Robert T. Thompson, a 52-year-old Greenville, S.C., attorney who on Jan. 1 became chairman of the U.S. Chamber of Commerce, said yesterday that he favors more cuts in defense spending.
Thompson said he was heartened that Defense Secretary Caspar W. Weinberger has found ways to cut his budget, but added: "I would hope he would find some more. I think there probably are other ways he could reduce defense spending in the future... without jeopardizing the very important defense buildup the president is advocating."
Weinberger announced Tuesday that he will propose reducing his department's budget authority for 1984 by $11.3 billion from levels previously proposed.
Speaking at his first press conference, Thompson said he thinks the chamber's 65-member board of directors at its February meeting will urge the president to go beyond a federal pay freeze to a freeze on federal spending.
"I think we will embrace some form of it [a spending freeze] as a way of containing the increase in federal spending," he said.
Thompson, a senior partner in the law firm of Thompson, Mann and Hutson, was elected to complete the one-year term of J. Paul Thayer. Thayer, who was chairman of LTV Corp. of Dallas, resigned the chamber post to become deputy secretary of defense.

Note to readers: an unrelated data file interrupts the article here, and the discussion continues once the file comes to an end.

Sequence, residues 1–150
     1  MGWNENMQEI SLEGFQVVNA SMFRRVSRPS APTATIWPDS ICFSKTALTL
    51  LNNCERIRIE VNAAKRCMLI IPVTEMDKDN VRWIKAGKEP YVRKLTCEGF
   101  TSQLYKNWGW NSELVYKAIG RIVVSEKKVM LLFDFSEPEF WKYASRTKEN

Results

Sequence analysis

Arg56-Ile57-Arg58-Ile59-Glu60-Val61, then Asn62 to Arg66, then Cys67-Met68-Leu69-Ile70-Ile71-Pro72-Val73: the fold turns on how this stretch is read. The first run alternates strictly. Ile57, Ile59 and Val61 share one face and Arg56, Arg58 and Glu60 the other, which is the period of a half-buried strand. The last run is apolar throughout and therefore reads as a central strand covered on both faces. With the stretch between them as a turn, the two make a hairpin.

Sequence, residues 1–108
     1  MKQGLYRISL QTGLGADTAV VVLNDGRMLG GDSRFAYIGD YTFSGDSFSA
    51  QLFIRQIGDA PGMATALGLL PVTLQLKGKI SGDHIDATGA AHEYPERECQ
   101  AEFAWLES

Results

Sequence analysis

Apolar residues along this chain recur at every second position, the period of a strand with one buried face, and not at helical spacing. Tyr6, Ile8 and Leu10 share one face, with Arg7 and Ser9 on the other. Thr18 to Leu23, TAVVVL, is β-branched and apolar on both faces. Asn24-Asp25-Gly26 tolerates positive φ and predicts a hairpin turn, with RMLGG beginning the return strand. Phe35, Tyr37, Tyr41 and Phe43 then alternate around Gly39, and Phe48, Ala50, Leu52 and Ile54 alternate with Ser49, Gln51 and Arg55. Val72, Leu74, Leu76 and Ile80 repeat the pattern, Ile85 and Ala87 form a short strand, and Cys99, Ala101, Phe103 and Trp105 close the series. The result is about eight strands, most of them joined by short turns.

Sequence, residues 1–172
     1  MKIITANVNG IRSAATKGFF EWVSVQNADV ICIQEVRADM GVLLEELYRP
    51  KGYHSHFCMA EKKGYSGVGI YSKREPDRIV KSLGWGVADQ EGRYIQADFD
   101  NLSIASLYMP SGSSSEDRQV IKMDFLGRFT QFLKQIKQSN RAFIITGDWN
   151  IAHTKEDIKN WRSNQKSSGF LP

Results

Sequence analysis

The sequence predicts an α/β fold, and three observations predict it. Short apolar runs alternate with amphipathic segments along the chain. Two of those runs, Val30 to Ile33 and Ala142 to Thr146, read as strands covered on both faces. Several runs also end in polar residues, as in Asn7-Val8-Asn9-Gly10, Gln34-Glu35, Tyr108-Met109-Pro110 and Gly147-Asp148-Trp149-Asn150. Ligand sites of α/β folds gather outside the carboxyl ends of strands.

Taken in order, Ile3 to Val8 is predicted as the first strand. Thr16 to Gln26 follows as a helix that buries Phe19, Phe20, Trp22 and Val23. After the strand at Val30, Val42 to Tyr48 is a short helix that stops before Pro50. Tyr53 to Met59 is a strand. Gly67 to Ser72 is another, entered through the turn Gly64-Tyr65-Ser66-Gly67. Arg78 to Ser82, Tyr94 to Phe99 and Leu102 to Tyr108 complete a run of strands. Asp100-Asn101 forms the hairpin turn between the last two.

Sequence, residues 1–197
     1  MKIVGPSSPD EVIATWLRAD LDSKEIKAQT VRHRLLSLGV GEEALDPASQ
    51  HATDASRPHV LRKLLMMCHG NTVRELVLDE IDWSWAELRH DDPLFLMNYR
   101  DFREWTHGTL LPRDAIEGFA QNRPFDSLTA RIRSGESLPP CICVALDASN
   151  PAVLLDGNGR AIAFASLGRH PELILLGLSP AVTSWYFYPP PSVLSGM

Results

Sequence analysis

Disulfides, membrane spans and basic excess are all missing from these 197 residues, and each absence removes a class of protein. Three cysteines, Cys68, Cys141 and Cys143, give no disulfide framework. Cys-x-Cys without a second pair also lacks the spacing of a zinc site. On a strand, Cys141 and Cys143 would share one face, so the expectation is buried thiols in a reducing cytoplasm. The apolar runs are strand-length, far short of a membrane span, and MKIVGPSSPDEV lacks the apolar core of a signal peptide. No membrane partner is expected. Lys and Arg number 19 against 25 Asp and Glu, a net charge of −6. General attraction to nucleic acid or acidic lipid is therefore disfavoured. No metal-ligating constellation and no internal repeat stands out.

During his brief tenure, Thayer, a firm supporter of the administration, clashed on several occasions with the chamber's president, Richard L. Lesher, over the organization's policies. Their most publicized split came last summer when Lesher led the chamber fight aginst a proposed tax increase.
Thompson's views on tax matters are more in line with Lesher's.
"Paul Thayer and I are good friends, but I disagreed with him," Thompson said. He said that "tax cuts so far haven't done much more than keep us even," but predicted that the 10 percent cut in personal income taxes scheduled to take effect in July will have a positive impact on the economy.
"I think the economy was in worse condition two years ago than any of us realized," he said. "We'll see it in full bloom before the year is out."
Thompson also said the chamber's finances are in good shape, despite an operating deficit that doubled to nearly $10 million between 1980 and 1981.
"I found the books to be completely in order, as did Arthur Anderson [the auditing firm]," Thompson said.